Foreign Minister José Manuel García-Margallo stirred up the diplomatic waters on Wednesday when he announced the closing of the Cervantes Institute in Gibraltar, saying it did not make sense having a center promoting Spanish language and culture in an area that is considered “Spanish territory.”
“In Gibraltar everyone speaks Spanish, apart from the apes, ” the foreign minister said.
The government opened a branch of the Cervantes Institute in the British colony in 2006 as part of an agreement by the so-called Tripartite Forum that for the first time brought together representatives of Spain, Britain and Gibraltar at a meeting in Córdoba.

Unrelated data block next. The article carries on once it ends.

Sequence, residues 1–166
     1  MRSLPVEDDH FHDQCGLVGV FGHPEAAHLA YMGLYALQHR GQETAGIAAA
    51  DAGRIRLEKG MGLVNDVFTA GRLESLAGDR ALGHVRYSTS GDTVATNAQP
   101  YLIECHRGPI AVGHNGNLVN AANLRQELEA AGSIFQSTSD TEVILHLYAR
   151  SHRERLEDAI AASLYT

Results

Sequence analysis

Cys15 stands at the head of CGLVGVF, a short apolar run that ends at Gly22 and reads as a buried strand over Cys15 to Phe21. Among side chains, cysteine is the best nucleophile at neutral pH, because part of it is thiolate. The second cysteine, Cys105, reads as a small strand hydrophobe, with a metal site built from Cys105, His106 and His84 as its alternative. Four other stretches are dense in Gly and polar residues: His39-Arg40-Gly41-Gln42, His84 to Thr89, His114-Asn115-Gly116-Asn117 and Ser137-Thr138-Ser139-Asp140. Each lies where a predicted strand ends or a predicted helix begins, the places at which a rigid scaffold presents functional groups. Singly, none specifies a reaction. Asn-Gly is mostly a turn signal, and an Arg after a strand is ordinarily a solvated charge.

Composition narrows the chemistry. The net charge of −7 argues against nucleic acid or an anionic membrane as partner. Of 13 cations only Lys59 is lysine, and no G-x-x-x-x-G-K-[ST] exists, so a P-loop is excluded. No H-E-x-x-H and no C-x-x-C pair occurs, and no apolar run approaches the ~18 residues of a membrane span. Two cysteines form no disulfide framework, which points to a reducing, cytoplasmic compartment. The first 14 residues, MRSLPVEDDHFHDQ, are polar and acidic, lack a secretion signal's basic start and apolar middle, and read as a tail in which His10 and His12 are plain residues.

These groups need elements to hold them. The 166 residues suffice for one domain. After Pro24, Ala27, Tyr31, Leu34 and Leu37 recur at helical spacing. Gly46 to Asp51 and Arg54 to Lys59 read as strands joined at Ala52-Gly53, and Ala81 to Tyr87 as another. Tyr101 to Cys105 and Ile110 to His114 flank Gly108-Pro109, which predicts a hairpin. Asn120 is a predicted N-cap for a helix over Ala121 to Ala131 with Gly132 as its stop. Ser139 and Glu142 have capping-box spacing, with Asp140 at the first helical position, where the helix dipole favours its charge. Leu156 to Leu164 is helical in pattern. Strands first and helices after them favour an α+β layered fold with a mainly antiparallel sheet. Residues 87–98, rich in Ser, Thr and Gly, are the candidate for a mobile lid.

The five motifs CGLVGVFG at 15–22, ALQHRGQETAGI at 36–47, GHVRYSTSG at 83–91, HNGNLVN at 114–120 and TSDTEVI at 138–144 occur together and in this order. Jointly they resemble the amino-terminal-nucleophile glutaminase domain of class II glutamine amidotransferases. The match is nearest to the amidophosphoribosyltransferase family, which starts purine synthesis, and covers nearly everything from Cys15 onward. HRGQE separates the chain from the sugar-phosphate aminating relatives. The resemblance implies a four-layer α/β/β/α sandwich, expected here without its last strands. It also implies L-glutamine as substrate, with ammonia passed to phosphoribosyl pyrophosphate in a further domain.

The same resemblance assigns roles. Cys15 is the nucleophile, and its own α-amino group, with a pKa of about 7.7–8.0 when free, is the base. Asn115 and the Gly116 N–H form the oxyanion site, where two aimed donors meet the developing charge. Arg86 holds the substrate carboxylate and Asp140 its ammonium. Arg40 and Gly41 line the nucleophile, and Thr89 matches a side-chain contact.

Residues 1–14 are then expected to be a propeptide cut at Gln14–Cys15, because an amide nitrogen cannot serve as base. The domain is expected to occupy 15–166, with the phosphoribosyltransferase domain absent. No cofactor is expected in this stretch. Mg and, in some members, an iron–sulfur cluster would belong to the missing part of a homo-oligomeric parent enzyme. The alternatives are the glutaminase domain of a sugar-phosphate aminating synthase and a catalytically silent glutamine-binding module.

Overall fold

Speaking before the foreign relations committee in Congress, García-Margallo said he had decided to close the institute because he considered the Tripartite Forum to be concluded, as it had meant treating Gibraltar on an equal footing with Spain and Britain, which he called unacceptable.
In its place, Spain will now open a Cervantes Institute in Singapore. The non-profit centers are located in 20 different countries.
Spain’s top diplomat also denied that the government had pressured to prevent Gibraltar Chief Minister Fabian Picardo from speaking earlier this month at the New Economic Forum. But he did acknowledge that he had let organizers know that he did not think it “useful” to allow the British ambassador in Madrid, Simon Manley, to introduce Picardo so he could deliver his “categorically false theories, such as Gibraltar is not a colony.”
Picardo finally addressed the event at a Madrid hotel paid for by Gibraltarian authorities.
“There isn’t one Spaniard who accepts the title of chief minister,” García-Margallo told lawmakers.